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Article Proposes Open Market for Human Kidneys

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Article Proposes Open Market for Human Kidneys

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Article Proposes Open Market for Human Kidneys

Article Proposes Open Market for Human Kidneys

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An article in the journal Kidney International proposes the legalization and regulation of the sale of human kidneys. One of the authors, Dr. Amy Friedman of Yale University Medical Center, explains to Robert Siegel the rationale behind this growing opinion.

MICHELE NORRIS, Host:

From NPR News, this is ALL THINGS CONSIDERED. I'm Michele Norris.

ROBERT SIEGEL, Host:

And I'm Robert Siegel.

There is a widely reported black market in human kidneys for transplant operations, and there are far more people in need of transplants than there are kidneys available. Well, there's an article published today in the journal Kidney International that thinks the unthinkable. It argues for legalization and regulation of the sale of human kidneys.

Amy Friedman, Associate Professor of Transplant Surgery at Yale Medical School, is one of the authors of the article.

Dr. Friedman, what would be gained by legalizing the sale of kidneys?

AMY FRIEDMAN: There are a number of things that are potentially gained. First, larger number of transplants. But most importantly, this black market of kidney transplants and paid donors exists around the world, and those donations are currently taking place in an unregulated manner with little follow-up for the donors, and no reported outcomes that are widely available. So those donors are unprotected, and that's the grave concern that we have.

SIEGEL: But you acknowledge that you're proposing something that many people feel instinctively is wrong, in part because it could lead to large populations of poor people opting for life with one kidney so that populations of rich people can have two.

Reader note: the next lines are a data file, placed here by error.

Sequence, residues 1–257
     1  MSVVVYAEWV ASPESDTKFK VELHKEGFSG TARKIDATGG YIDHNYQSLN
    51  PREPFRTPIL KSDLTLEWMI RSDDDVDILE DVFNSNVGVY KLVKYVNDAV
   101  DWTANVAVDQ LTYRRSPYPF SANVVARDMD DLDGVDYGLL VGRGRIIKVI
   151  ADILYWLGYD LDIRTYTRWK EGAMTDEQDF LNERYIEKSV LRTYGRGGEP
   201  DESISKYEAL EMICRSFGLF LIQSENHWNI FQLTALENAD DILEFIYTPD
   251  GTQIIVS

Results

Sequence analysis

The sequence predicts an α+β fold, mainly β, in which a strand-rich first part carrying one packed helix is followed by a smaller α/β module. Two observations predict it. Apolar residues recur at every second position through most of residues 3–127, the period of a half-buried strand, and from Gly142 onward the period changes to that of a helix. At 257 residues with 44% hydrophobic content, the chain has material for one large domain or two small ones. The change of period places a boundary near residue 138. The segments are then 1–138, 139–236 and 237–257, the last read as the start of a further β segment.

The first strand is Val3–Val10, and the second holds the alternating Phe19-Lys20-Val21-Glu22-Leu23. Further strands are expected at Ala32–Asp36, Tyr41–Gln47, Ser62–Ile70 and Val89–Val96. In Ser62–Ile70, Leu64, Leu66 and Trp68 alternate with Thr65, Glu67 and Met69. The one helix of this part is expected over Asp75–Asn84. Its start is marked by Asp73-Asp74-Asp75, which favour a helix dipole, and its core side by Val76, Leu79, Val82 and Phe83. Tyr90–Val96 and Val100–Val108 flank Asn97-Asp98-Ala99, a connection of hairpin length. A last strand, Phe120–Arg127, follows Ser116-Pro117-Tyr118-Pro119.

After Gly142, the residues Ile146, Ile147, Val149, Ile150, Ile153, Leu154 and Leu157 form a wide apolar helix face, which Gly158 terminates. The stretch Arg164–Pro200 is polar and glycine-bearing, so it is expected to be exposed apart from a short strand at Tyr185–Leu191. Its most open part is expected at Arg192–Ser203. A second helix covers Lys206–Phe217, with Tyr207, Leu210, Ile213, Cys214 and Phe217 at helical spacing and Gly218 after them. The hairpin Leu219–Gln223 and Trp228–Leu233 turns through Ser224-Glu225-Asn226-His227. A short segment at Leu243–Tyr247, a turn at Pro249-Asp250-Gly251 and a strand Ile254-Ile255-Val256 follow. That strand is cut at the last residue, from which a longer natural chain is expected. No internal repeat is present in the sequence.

FRIEDMAN: Certainly this is a very great concern. Yet, the need is so great, and the rising volume of the black market so profound, that the major American and international transplant societies are currently engaging in a debate about this issue.

SIEGEL: You address the question in your article, how much should a kidney cost? How should you calculate the cost of a kidney?

FRIEDMAN: Yes. And the price around, the reported price around the world varies from as little as maybe $800 to $1,000 in India to some reports of maybe as much as $100,000 dollars. We base our initial price for discussion at $40,000 based on an article by Nobel Laureate Gary Becker and his colleagues, who went through a very careful and thoughtful analysis of the costs and reimbursements involved.

SIEGEL: But Gary Becker's model, as you describe it in the article, is based on earning assumptions of a person and also the risk of the possibility of loss of life or loss of quality of life.

Wouldn't it follow that a donor who is a farmer in the third world, who would have a shorter life expectancy and lower income, should get a lot less for his kidney?

FRIEDMAN: Yes. And that's the issue of, what will the market bear? That's one of the principal reasons for considering a regulated system, so that in fact we might protect the less knowledgeable, lower class farmer and make it fair and equitable for them.

SIEGEL: Now, doing transplants, obviously, you are familiar with this problem, and so you've gotten past the hurdle that some of us are having difficulty with, the idea that selling our organs is something we should rationally consider. It's not that irrational to you.

FRIEDMAN: It's not that irrational, but I will tell you clearly that my mind is not clearly made up. I would point out, however, that as a woman of, and I will not reveal exactly what my age is, but I've borne three successful pregnancies and I would be able to legally rent out my uterus now as a surrogate mother. And in doing so I could earn income and I could have multiple medical risks, including the risk of death. And that would all be legal in this country.

The principal difference of course is that you can't regenerate a kidney and you only have two. But this is a very gray area in medicine, and it has not been fully addressed yet legally. And I think that's really what the point of our essay is, to take this out of the closet, open up a full discussion, know what's happening to these donors and consider this frankly on the table.

SIEGEL: Well, Dr. Friedman, thank you very much for talking with us.

FRIEDMAN: Thank you.

SIEGEL: Dr. Amy Friedman, who is Associate Professor of Transplant Surgery at Yale Medical School. She and her co-authors, also her father, Dr. Eli Friedman, have written an article in the journal Kidney International about the possible legalization and regulation of the sale of kidneys for transplant.

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